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Date: March 8th 1917
Dear Ones All

No. 19 R.S.
Royal Flying Corps
Hounslow Heath
8 Mar./17,

Dear Ones All,

Mother’s dear letter to us, and other good letters from Ruth and Fred comprise the news budget from home this week. By the way, I think you had better stop addressing my letters "c/o Training Bde" The address on this letter head will get me from now on until I give you another address or else this one- the house where we are living- "Avondale" Wellington Road South, Hounslow, Middlesex.

I have been doing a lot of flying lately and have had some very amusing experiences. The day before yesterday it was blowing a perfect gale- one of those winds that you can lean up against, you know! One of the flight commanders decided that it would be rather good fun to try a cross country flight so he decided to go to Northolt where there is an aerodrome, and asked me to take another machine and go too. We each took a passenger for company’s sake and set out. It was quite the funniest flight I have ever had in my life. The bumps were worse than anything I have ever experienced, and we were doing nose dives, side slips, tail slides and every conceivable sort of contortion. I had no reason to complain of monotony during that trip for I was as busy as the proverbial one-armed paper hanger with the hives all the time. Then too the clouds were very low and at 1000 feet we had lost sight of the ground altogether, also we lost sight of the other machine. Mr. Flight Commander got to Northolt with his passenger, but we never saw the bloomin' place at all. My passenger was a qualified pilot with wings and no doubt with the map and the compass which he had we should have reached our destination without trouble but unfortunately the stunts that the old bus was doing made him sick at his stomach and he was not able to take very much interest in his surroundings. After we had been in the air about 15 minutes he turned his delicate green face to me and with the saddest air in the world indicated that he hadn’t the foggiest notion as to where we were. He certainly was the picture of woe and I couldn’t help laughing at him. By this time the wind had carried us pretty far westwards and the air was clearer, so we tootled around for just two hours before we saw anything that we could recognize. Then I thought I saw Windsor Castle. Turning south we came across Virginia Water and after that it was plain sailing. I steered for Brooklands, landed there and saw my old friend Jarvis who is now a flight commander there, and after a little rest barged away home to Hounslow. We had covered something over 160 miles of country and in bad weather too and I was mighty tired.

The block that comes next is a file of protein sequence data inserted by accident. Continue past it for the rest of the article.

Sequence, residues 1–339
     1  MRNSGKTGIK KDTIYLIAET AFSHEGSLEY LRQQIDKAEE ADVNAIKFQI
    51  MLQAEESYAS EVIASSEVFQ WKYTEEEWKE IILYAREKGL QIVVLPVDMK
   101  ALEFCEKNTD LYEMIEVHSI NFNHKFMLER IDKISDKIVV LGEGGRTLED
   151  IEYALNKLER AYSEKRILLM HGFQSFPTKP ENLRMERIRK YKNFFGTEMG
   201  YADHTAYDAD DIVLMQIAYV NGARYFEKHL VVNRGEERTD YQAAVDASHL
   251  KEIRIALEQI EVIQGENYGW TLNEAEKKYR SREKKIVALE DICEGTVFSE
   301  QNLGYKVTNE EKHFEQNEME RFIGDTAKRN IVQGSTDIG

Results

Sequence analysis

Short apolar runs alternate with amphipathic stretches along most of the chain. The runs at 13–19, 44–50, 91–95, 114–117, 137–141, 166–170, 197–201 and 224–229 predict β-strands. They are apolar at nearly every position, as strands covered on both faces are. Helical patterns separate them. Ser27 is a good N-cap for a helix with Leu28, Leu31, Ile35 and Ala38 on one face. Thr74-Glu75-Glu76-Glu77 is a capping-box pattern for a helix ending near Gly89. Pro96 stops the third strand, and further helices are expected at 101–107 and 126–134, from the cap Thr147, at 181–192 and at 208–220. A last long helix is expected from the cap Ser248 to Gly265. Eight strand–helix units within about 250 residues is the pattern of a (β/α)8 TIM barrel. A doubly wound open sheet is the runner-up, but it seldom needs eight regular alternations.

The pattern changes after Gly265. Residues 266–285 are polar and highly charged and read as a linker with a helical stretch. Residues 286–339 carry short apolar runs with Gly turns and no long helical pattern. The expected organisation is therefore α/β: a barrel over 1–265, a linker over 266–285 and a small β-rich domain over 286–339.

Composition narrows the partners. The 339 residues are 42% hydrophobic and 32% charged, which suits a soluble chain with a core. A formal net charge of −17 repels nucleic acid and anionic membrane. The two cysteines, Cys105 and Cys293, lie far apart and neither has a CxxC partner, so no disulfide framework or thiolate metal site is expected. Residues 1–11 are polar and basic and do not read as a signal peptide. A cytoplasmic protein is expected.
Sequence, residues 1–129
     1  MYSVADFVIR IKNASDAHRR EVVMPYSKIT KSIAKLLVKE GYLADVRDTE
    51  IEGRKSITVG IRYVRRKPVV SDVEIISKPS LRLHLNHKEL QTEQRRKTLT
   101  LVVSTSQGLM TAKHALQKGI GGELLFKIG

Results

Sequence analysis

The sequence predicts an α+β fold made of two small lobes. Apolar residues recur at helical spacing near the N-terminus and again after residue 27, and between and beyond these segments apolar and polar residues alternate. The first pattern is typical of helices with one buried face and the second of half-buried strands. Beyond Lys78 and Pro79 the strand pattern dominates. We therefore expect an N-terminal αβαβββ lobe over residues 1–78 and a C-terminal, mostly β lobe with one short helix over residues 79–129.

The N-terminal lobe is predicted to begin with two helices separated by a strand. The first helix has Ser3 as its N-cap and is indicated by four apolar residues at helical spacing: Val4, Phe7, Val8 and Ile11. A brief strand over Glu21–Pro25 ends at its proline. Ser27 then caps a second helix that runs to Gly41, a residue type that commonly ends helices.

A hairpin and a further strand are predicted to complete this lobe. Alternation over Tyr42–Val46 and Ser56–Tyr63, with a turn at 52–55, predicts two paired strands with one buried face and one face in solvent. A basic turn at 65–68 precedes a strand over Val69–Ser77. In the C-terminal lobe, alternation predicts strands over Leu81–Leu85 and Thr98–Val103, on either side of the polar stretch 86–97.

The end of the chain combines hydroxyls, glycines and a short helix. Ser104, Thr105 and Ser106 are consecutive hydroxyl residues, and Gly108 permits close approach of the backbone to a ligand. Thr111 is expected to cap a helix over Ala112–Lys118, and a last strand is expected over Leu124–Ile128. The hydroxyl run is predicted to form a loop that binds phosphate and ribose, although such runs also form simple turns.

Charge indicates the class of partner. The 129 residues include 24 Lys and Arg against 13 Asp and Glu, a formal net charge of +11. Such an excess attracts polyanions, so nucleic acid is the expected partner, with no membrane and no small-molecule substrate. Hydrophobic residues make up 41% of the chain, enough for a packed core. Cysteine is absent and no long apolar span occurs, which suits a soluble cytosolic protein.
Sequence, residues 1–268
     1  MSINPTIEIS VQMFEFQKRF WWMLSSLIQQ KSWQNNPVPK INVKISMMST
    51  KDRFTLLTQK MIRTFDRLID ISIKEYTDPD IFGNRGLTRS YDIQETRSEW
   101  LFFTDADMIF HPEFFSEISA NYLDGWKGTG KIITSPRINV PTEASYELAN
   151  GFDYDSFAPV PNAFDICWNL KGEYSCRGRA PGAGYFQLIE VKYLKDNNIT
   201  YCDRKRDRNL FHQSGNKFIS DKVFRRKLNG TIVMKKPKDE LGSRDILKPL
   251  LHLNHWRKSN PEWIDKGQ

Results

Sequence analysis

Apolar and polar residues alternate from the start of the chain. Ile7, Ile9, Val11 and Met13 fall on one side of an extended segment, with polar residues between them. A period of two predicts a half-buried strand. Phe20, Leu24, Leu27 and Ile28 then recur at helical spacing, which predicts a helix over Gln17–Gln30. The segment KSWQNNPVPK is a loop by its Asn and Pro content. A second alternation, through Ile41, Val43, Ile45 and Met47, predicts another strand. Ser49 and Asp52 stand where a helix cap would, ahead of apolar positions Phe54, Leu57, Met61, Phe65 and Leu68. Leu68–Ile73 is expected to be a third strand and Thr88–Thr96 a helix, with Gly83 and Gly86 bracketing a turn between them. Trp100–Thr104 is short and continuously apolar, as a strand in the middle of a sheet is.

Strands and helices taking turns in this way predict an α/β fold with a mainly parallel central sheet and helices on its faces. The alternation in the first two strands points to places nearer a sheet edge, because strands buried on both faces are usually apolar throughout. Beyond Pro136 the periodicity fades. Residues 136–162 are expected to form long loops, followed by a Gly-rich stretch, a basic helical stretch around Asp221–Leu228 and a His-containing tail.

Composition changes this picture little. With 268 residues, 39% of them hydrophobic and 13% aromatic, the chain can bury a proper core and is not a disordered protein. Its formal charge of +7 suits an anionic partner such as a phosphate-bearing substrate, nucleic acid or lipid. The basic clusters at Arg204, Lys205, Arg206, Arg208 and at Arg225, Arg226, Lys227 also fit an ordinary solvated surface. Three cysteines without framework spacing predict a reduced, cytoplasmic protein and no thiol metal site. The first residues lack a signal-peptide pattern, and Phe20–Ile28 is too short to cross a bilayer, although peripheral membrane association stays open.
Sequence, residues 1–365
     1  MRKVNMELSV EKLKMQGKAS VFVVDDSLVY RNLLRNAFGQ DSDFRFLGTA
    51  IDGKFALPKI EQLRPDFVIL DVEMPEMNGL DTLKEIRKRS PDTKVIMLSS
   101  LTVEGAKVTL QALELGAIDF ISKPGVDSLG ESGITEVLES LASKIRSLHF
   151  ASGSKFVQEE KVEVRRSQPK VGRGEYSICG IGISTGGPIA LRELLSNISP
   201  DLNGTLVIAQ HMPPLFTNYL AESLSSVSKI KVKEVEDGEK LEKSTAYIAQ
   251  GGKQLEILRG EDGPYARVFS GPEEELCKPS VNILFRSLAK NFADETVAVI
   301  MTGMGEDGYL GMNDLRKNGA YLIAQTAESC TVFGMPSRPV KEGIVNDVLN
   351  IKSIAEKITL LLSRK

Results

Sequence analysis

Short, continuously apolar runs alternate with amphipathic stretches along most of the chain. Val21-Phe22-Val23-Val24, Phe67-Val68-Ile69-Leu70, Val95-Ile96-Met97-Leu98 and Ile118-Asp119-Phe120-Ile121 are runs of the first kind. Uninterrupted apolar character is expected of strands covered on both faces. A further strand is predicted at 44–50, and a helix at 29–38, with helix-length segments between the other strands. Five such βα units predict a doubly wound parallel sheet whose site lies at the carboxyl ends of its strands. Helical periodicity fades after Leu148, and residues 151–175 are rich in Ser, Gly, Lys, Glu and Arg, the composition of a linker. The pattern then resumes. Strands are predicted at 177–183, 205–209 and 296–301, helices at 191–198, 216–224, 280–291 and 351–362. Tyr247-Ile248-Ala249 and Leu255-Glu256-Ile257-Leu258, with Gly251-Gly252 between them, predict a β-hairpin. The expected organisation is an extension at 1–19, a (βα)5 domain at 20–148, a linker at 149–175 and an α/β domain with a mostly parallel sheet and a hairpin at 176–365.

To-day I had a fine time doing my altitude test. That is climbing up to 8000 feet, then shutting off your engine and landing on the aerodrome without using it again. It was bitterly cold and I had quite a job trying to keep my hands and feet from being frozen, as even on the ground to-day was one of the coldest days we have had this winter. The clouds looked beautiful with the sun shining on them as I climbed above them, resembling great fields of snow piled in great heaps. I had an almost overwhelming desire to get out and wade about in then but on second thought decided not to. I was mighty glad, on account of the cold, when my altimeter showed 8000 and I could point my nose downwards. Had good sport coming down first 2000 in a right hand spiral, second 2000 in a left hand spiral, third 2000 in a straight volplane' back to the aerodrome and the last 2000 in slow circuits of the aerodrome until I had lost enough height to glide in. Everything was quite O.K. and I have one less test to look forward to now.

Molly never shows by word or sign that she worries about me. Bless her plucky little heart! She surely is the dearest little wife that any man could ever hope to call his own, and she is a greater comfort to me than you can possibly imagine. She is curled up in a little ball before the fireplace as I write, having a nap, but before she went to sleep she told me to give you all her love. And with that message I shall close. With all my own love to each one of you, dear people, I remain,

Yours as always,

P.S. I'm enclosing a couple of snapshots of some of the boys taken at the aerodrome.  "E"

P.S. # 2. Father, please note leather gauntlets  "E"

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